Some retailers believe that cross-border e-commerce involves nothing more than setting up a website and waiting for the orders to roll in. Unfortunately, it is not that simple. There are five major challenges U.S. merchants who seek to go global must address.
First, they must identify a cost-effective way to ship goods to the markets where they plan to do business. Given the diversity of residences where customers may reside, it is important to have a business-to-consumer (B2C) parcel delivery specialist with a high percentage when it comes to both first-time (main driver for customer satisfaction) and overall delivery rates. Remember, each percentage point below 100 percent in non-deliverable or rejected parcels equates to one percentage point less in revenue and increased cost for the merchant.
Second, retailers must address the duties and taxes owed on goods shipped into foreign countries. The amounts vary depending on product and country, but ultimately the customer must pay these fees. Incorporating duties and taxes as part of the total cost displayed on the merchant’s website can cause sticker shock for some consumers. However, the alternative—having the local customs office call the consumer and request payment—is equally shocking. The former may result in abandoned shopping carts, while the latter often results in abandoned goods at the customs office. Being forthright is the better option. It requires having a means to calculate and collect duties and taxes prior to shipment arrival in the destination country. Some retailers factor customs costs into their sales price and don’t make it visible to the customer. This practice helps mitigate some of the cart abandonment risk. For certain commodities and countries, the customs threshold is high enough that no customs and duties apply.
Next is understanding that different markets have different preferences for making payments. Many people in emerging and developing economies simply don’t trust the system, and will not share personal credit card information. Still others may not have international credit cards at all. Citizens of other countries may prefer money orders or open invoices, while others prefer PayPal or domestic payment cards (e.g., Carte Bleu in France). It is vital to know the payment preference for each and every market in which a retailer hopes to sell, as it could make or break potential sales. Then, too, local currencies and conversion rates are factors that must be considered.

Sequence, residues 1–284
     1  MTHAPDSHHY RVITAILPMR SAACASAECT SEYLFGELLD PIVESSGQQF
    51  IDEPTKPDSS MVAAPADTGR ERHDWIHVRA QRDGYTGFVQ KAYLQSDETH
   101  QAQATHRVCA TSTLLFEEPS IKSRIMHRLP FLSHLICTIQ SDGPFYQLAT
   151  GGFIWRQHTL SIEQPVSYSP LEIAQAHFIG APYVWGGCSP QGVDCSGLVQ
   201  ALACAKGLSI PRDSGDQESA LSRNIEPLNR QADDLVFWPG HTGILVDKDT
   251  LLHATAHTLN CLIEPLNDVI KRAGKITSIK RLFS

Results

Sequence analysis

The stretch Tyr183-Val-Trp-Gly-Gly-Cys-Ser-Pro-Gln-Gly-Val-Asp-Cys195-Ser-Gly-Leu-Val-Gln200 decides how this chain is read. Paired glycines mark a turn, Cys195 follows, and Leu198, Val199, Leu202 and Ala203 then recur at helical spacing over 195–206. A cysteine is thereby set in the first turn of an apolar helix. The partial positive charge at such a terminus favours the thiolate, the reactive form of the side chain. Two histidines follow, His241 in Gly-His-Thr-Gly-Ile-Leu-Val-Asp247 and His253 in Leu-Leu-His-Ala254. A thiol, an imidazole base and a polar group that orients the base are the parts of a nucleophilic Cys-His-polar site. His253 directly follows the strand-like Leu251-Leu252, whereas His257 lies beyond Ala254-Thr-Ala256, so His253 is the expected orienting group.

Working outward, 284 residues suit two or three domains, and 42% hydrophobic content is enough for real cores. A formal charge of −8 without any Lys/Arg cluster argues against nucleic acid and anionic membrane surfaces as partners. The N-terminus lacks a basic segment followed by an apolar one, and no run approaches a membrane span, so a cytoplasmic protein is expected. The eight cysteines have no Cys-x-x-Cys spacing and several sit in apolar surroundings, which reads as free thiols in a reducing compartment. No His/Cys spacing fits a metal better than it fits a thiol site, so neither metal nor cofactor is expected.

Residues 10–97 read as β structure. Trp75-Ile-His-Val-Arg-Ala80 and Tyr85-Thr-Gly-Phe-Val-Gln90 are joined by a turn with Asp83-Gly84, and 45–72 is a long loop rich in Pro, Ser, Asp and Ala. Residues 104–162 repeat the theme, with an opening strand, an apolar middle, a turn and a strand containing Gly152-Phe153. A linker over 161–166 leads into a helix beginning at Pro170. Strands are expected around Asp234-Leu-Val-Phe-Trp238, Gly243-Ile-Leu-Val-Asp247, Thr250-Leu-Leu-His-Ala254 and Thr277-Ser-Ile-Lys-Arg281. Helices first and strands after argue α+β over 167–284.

Last, but by no means least, is handling product returns. An estimated 33 percent of online cross-border transactions are abandoned due to return processes and fees. Given that 45 percent of global online shoppers seek to purchase U.S. goods, American retailers must give serious thought to how they will handle returned items. In fact, a retailer’s ability to handle returns serves as a true litmus test of both readiness to go global and ultimate success.
What’s So Complicated?
The most sought-after U.S. goods are apparel, health and beauty products, personal electronics, computer hardware, and jewelry, gems and watches. At first glance, returning these purchases seems a simple action. The buyer brings the item back to the place of purchase, and provides the product and proof of purchase. The customer service personnel inspect the item and the documentation, and issue a cash or credit refund on the spot. However, when the customer is in Europe and the seller is in the United States, there is literally an ocean of issues that must be considered.
Customers have a narrow perspective. If they don’t want the goods, they want an easy return process and a quick refund of their money. As soon as the refund is issued, the process is over for the customer. For the merchant, the process continues well beyond the consumer’s decision to return a product. It involves a number of decisions, ranging from how returns will occur to what’s next for the returned goods.
Will the goods be picked up from the customer’s home? Dropped off to a parcel shop? Posted by mail? Returned to a brick-and-mortar store? Given that many people work and are not at home during business hours, the first option is not viable. Moving to the second option requires having a large and convenient network of parcel shops—or engaging a major B2C delivery provider that does. The post office is an option that works, but again, its hours of operation and locale may not be convenient for many consumers. The last option requires the retailer to create infrastructure in diverse locations. It may only be economically feasible in markets with demonstrated business volume.
Of course, another option, which is something Amazon does, is to forego the requirement to return an item purchased online that costs less than $10. Amazon recognizes that the cost to return is higher than the value of the merchandise. If the return on investment (ROI) is negative, retailers often wave returns.